This elegant marble is imbued with the early Art Deco aesthetic. Born in Paris to Belgian parents, Lucienne-Antoinette Heuvelmans was among the most distinguished female sculptors of her day. Having studied under Laurent Marqueste, Emmanuel Hannaux and Denys Puech, Heuvelmans began exhibiting at the Salon des Artistes Décorateurs Français de Paris and was awarded an Honourable Mention in 1907. In 1911, she became the first woman to win the coveted Prix de Rome, granting her three years' study in the Eternal City. Heuvelmans went on to establish a successful career, receiving the Légion d'Honneur in 1926. Her specialism was in religious and mythological subjects.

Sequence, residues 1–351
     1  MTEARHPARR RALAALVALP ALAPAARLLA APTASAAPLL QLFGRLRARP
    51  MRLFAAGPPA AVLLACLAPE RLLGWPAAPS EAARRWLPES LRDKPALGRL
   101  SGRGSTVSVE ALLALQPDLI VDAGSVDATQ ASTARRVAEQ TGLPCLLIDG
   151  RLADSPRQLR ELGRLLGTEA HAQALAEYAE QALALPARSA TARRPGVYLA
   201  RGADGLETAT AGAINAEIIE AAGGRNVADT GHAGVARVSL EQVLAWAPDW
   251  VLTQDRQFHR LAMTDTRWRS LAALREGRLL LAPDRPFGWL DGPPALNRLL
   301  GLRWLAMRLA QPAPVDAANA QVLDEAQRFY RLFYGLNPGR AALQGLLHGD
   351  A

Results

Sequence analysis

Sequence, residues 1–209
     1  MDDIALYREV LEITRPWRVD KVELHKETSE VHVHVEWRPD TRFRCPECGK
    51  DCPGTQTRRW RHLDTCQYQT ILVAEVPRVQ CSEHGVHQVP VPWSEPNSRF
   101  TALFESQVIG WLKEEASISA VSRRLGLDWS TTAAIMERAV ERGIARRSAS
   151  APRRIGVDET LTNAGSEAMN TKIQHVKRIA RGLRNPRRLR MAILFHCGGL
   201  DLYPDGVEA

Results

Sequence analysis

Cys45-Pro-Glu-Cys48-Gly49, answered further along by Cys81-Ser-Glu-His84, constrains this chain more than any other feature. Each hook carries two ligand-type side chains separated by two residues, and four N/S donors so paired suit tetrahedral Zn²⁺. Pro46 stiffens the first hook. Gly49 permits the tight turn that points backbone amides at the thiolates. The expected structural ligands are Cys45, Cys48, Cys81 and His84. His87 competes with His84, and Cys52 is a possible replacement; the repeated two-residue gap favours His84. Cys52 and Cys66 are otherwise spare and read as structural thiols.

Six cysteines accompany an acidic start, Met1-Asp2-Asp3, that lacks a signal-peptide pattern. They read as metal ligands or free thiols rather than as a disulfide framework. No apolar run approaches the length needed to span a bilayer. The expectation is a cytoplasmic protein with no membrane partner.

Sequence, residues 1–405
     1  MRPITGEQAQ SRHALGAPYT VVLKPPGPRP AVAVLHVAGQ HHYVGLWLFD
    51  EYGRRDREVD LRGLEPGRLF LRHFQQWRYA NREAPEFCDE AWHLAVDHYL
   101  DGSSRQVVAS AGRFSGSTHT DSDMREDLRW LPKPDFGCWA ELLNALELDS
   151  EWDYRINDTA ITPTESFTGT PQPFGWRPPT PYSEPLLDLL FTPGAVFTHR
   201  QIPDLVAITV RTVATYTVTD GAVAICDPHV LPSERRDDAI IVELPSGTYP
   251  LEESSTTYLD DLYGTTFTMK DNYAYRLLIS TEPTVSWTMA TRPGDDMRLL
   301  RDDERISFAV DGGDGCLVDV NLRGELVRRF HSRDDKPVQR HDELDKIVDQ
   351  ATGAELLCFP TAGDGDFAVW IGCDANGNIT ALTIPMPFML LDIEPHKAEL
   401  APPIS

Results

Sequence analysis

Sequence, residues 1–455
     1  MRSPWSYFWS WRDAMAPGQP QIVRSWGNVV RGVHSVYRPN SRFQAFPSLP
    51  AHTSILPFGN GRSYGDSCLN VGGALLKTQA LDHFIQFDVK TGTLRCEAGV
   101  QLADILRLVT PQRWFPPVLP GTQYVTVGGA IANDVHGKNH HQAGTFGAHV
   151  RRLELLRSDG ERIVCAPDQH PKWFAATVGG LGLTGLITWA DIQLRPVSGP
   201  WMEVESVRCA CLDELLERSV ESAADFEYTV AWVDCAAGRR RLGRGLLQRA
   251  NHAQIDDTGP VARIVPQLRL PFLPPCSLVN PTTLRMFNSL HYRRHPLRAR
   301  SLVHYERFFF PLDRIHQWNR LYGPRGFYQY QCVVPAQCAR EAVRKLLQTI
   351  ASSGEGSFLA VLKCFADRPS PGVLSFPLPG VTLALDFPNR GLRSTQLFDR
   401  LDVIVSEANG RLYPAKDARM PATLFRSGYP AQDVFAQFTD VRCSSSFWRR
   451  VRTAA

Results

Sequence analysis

The present, rare marble shows the two central figures from Heuvelmans' monumental stone group Les Illusions et le Regret (Illusions and Regret), which the sculptor executed for the city of Paris in 1925, for the occasion of the Exposition Internationale des Arts Décoratifs et Industriels Modernes. The present model exists in several bronze versions.
V. Arwas, Art Deco Sculpture, London, 1992, p. 237